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By a 6-5 vote Monday, the Billings City Council approved the One Big Sky District development plan agreement, setting the stage for more than $2 million in studies to be conducted over the next few months to identify up to three catalyst projects that proponents say could eventually spur $1.5 billion in downtown development.

Joining Mayor Bill Cole voting yes were council members Shaun Brown, Penny Ronning, Reg Gibbs, Denise Joy and Mike Yakawich.

Council members Dick Clark, Chris Friedel, Frank Ewalt, Larry Brewster and Brent Cromley voted no.

The council voted in April to contribute $100,000 to fund the studies, with Billings strategy partners pitching in about $577,000. Landmark Development Services Company LLC – Hammes Company of Madison, Wis., the project developer – will provide up $1.34 million worth of research and expertise to develop the economic development plan that proponents say will help employers attract talented workers to help replenish the city’s aging workforce; improve dining, shopping and hotel choices; boost the city’s available Class A office space; and could result in construction of a state-of-the-art convention center.

The One Big Sky concept envisions two downtown districts – a wellness district in the hospital corridor, and a hospitality district south of there.

Everyone who testified Monday supported approving the proposed agreement.

Erik Wood, Billings Clinic’s vice president of ancillary services, said he interviewed an out-of-town physician Monday who was very interested in joining the hospital staff. His wife, he said, was equally interested in learning more about Billings, including its schools and the activities it offers.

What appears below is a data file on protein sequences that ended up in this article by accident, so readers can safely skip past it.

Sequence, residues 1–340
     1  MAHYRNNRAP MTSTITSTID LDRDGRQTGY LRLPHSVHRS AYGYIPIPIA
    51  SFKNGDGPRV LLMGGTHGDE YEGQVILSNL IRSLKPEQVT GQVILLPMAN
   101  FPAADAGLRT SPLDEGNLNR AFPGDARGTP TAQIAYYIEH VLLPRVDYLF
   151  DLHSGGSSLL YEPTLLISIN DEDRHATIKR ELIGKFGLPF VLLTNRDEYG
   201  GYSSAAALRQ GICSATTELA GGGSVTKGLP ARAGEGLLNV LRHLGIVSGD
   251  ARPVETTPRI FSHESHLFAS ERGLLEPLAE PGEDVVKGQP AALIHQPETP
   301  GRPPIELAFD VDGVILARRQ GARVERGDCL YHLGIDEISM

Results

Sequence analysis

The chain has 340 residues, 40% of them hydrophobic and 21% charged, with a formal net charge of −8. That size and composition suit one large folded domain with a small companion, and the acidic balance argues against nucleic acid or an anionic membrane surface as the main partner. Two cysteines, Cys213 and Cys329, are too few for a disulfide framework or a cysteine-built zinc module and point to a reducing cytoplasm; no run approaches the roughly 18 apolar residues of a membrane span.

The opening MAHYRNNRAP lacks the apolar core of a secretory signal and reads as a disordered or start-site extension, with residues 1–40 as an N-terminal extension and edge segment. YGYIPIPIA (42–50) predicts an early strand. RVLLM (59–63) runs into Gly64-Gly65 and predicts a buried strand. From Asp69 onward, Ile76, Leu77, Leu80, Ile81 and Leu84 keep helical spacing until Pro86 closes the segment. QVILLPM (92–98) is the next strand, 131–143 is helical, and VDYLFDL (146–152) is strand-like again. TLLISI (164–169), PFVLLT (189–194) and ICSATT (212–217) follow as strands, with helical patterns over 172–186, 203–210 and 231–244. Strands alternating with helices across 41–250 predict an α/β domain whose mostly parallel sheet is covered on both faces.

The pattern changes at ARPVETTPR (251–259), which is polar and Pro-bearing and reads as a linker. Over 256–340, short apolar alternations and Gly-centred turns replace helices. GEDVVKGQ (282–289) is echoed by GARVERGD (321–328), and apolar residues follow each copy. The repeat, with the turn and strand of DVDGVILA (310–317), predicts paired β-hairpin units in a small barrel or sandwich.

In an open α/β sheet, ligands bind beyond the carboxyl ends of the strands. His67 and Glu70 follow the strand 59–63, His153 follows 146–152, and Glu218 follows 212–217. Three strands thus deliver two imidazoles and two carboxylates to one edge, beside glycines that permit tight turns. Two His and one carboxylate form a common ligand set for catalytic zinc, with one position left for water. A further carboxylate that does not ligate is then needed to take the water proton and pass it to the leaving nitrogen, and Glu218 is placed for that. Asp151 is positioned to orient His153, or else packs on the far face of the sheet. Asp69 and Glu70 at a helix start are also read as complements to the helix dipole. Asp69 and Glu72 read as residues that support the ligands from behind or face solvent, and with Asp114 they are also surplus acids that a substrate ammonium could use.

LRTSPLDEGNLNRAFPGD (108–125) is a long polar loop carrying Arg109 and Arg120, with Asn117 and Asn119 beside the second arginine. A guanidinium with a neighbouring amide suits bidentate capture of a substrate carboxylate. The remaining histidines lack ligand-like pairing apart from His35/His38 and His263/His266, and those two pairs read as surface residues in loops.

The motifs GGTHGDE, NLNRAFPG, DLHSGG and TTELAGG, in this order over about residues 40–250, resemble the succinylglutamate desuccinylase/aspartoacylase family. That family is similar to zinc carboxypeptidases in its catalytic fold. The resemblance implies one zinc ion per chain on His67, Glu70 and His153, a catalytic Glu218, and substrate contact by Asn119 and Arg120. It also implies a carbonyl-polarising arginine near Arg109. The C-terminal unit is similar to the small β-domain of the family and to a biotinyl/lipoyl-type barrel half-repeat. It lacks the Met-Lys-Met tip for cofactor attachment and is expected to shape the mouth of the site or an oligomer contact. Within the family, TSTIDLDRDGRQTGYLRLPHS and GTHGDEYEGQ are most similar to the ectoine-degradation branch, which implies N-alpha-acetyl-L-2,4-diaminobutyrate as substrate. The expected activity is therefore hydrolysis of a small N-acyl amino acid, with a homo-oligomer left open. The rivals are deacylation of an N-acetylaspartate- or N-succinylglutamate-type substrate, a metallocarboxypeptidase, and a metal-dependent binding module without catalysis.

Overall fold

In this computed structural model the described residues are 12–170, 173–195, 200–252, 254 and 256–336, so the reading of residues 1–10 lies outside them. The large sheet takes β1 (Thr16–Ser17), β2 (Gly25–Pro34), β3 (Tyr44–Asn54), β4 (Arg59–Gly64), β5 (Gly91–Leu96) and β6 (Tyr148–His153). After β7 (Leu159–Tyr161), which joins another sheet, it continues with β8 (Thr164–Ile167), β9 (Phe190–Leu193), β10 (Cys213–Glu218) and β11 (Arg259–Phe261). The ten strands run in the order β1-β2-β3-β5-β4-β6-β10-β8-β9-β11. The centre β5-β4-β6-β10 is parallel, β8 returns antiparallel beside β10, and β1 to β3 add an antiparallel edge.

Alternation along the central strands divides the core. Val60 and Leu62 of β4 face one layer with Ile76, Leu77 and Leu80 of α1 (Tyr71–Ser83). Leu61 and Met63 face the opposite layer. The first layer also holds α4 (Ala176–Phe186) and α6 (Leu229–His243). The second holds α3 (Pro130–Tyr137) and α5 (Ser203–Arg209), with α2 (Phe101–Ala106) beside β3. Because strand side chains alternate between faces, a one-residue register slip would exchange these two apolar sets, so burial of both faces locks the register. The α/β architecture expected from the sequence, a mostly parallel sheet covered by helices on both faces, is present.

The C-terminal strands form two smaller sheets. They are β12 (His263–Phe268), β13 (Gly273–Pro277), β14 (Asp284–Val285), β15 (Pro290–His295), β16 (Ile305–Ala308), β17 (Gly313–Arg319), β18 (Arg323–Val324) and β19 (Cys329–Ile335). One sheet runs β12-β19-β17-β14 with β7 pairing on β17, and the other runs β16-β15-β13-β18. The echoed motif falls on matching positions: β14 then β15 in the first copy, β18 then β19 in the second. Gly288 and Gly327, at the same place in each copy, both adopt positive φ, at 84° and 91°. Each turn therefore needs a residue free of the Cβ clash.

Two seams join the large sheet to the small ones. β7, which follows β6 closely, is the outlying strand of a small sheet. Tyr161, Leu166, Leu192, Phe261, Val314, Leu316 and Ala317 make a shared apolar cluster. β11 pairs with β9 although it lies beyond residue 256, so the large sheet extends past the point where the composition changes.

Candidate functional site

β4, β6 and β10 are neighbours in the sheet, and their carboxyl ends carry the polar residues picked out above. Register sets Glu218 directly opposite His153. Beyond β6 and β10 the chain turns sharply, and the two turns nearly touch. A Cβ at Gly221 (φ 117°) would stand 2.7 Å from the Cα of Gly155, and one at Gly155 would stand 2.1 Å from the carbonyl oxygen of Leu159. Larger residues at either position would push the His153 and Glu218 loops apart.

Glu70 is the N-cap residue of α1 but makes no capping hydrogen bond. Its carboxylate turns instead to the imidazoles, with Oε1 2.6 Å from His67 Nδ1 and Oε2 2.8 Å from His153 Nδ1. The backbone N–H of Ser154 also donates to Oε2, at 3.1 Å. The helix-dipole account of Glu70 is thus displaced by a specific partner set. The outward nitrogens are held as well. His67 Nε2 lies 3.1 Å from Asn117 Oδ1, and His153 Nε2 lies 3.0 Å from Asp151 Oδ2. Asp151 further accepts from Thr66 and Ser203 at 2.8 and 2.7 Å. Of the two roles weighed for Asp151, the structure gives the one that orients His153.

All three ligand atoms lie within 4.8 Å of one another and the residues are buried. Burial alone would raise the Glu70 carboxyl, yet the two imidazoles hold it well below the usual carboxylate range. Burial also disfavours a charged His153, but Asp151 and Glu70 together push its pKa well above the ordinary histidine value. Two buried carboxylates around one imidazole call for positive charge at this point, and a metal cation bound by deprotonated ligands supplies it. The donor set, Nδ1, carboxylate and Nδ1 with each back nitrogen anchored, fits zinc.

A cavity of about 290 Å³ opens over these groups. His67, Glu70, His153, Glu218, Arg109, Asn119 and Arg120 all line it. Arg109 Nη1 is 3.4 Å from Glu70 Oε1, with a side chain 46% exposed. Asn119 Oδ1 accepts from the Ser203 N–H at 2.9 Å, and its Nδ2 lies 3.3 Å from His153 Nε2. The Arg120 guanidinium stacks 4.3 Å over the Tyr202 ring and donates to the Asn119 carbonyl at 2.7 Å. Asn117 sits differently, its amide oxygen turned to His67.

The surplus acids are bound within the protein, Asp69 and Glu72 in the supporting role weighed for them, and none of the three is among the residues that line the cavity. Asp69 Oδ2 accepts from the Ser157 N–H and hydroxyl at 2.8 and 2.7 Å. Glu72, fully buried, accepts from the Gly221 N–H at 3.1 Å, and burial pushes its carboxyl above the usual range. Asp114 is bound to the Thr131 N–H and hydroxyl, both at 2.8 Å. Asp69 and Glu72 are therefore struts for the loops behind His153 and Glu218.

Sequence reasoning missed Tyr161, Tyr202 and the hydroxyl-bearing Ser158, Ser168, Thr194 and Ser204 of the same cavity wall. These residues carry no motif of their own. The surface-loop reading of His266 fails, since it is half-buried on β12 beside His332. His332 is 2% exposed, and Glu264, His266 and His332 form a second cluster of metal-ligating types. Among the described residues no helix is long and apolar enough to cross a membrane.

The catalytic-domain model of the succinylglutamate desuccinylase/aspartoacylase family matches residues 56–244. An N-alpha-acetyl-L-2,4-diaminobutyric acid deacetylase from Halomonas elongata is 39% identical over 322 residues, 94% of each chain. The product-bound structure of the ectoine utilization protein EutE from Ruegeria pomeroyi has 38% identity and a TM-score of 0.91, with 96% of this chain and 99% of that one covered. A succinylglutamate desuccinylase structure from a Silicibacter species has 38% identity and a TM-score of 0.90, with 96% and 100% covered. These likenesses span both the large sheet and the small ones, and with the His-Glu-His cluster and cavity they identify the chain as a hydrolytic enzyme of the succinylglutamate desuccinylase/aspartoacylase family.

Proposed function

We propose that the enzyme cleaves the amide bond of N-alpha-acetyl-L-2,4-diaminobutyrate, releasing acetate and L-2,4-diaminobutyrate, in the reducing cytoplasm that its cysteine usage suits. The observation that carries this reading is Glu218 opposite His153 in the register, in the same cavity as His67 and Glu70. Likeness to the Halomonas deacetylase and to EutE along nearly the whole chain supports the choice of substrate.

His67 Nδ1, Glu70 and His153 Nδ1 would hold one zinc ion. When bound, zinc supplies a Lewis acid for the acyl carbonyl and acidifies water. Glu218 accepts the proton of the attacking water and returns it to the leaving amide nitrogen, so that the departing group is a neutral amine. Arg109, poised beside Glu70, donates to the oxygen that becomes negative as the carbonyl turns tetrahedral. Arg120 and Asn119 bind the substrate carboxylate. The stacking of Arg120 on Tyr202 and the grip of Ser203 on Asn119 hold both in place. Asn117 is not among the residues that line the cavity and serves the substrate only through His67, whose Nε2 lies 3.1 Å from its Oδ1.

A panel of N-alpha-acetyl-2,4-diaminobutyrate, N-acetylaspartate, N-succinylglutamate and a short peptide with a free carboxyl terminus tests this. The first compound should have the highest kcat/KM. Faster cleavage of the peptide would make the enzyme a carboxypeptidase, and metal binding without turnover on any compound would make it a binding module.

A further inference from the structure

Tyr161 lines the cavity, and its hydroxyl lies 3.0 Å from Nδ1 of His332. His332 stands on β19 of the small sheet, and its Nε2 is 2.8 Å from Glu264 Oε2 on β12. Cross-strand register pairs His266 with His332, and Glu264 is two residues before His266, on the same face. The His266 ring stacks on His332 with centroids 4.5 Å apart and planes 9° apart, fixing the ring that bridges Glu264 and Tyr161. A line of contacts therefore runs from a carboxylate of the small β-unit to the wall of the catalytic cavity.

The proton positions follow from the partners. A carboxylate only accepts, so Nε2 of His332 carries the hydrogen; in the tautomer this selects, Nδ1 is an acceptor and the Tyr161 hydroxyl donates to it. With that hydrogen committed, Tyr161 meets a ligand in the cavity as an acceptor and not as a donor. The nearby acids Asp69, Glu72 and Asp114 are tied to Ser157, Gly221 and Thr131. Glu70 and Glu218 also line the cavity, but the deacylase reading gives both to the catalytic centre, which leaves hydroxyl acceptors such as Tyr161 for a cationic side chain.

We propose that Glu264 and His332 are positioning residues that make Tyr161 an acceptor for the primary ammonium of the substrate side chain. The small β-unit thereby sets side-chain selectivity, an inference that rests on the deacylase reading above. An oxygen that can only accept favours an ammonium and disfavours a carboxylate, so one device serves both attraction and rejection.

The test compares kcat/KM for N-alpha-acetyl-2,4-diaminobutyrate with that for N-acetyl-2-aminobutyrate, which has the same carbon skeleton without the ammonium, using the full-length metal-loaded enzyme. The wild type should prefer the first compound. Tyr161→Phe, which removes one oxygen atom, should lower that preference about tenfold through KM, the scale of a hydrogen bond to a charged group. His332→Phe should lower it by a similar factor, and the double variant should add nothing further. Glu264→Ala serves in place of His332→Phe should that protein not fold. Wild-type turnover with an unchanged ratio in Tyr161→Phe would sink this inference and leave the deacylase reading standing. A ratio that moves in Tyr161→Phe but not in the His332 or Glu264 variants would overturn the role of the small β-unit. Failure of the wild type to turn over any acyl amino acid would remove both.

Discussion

“That’s a challenge we face on a daily basis,” he said, calling the development plan “the opportunity to grow the community and retain the uniqueness of Billings. To me, it’s not one or the other. If we do it well, we can do both.”

“We are trying to make Montana State University Billings a destination of choice for our youth and also our adult learners,” Dan Edelman, MSU Billings chancellor, told the council. He said the university will soon develop a strategic plan to bring enrollment to 6,000 students within five years.

Karen Baumgart, director of BillingsWorks, said Billings is home to about 2,700 people who completed high school or college in 2017 – and will have nearly 5,000 job openings by the end of 2018.

“We need to have a community,” she said, “that people want to live in.”

All city staff in attendance said they approved the proposal.

“This is an ambitious plan, and there is going to be some risk,” said City Administrator Bruce McCandless. “But I believe the risk is very narrowly defined.”

City-County Drain issues

The council gave unanimous approval to declare an emergency and waive the requirement for competitive bidding to repair damage to the City-County Drain south of Interstate 90 in the area of the old Washington Street Bridge.

The drain collects storm water from a large area of the city, as well as some groundwater. Copious spring rainfall contributed to the damage, according to Public Works Director Dave Mumford.

Mumford said that three pumps working 24 hours per day are pumping 3,000 gallons each minute, a process that could take a couple more weeks. An engineering firm is working on a more permanent solution, he said.”

“This is a long-term problem that we are going to have to address,” Mumford said. “We will keep those pumps going until we figure out a long-term solution.”

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City Government Reporter

City reporter for The Billings Gazette.